This isn't about hacker havens or real bad guys. Lobbyists aren't handling billions of bucks wanting representatives to shut down 'hacker havens'.

The big bucks are coming down from the **AA

Not that stopping crime is a bad thing. But this sort of thing is going to be abused going forward.

It's contrary to free trade. And while the current intent may be great, the future consequences could be dire, if some agreement can't be reached early to limit its scope.

Re:This is not about hacker havens (1)

Jenming (37265) | more than 4 years ago | (#31594194)

If we (the earth) ever end up with global internet censorship its not going to be coming from the US and its not going to come until after someone pries our (Americans) First Amendment from our cold dead hands.

Re:This is not about hacker havens (1)

santax (1541065) | more than 4 years ago | (#31594230)

I hope you are right, but as far as I can see the US has did a lot for censorship lately. Or do you know what the ACTA is about? Seen what is happening with viacom vs youtube? It's the DMCA that has shut down free speech in the USA and the usage of the most smallest part of a book is no longer considered fair use.... Buddy really, I hope you are right, but I am afraid you will be wrong.

Re:This is not about hacker havens (1)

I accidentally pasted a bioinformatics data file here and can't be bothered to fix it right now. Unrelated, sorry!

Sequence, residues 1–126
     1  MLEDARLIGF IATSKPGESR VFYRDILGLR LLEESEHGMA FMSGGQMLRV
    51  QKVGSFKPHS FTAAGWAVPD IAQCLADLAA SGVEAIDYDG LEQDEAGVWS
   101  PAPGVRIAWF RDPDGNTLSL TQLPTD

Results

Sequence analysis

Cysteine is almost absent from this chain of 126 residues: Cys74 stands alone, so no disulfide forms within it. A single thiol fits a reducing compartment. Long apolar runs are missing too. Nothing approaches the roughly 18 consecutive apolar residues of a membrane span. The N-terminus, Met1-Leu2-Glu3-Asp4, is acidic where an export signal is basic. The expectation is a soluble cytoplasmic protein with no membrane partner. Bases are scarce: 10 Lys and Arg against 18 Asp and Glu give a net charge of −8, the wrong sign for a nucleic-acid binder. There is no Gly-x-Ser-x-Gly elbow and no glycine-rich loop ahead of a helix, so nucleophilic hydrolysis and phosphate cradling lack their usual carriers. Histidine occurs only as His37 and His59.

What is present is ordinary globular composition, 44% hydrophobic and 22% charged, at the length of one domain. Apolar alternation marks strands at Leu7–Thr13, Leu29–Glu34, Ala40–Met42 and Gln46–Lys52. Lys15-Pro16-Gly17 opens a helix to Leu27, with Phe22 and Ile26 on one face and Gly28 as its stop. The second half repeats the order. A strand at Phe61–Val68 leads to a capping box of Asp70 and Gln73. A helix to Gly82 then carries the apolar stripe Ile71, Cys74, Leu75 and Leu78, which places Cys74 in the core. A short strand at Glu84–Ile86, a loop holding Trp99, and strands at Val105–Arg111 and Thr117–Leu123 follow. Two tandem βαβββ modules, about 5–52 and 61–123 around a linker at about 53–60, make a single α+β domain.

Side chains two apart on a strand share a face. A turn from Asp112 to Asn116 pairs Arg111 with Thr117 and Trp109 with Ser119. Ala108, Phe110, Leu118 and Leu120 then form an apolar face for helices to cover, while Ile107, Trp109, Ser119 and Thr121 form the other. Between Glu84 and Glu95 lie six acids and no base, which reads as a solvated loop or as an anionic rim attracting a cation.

NetNed (955141) | more than 4 years ago | (#31594344)

It's the next racket reminiscent of "The War on Drugs" that never ends and sucks money like vacuum cleaner.

Re:This is not about hacker havens (1)

Fireshadow (632041) | more than 4 years ago | (#31594436)

Lobbyists aren't handling billions of bucks wanting representatives to shut down 'hacker havens'.

Close. From 2006 to 2010, Kirsten Gillibrand received $424,434 in campaign donations from individuals at "Boies, Schiller & Flexner". This is a law firm that specializes in Intellectual Property and International Arbitration among other things. From 2009 to 2010, Hatch received $25,050 from HP's PAC and individuals in campaign donations.

I have my opinion as to the bills true authors. Conduct your own research though. Form your own opinion.

References: Open secrets dot org. (www.opensecrets.org). Always entertaining to look up a representatives name to see who the donors are.

Boies, Schiller & Flexnerhttp://www.bsfllp.com/practices/100 [bsfllp.com]

If You Knew Orrin (1)

JackSpratts (660957) | more than 4 years ago | (#31594030)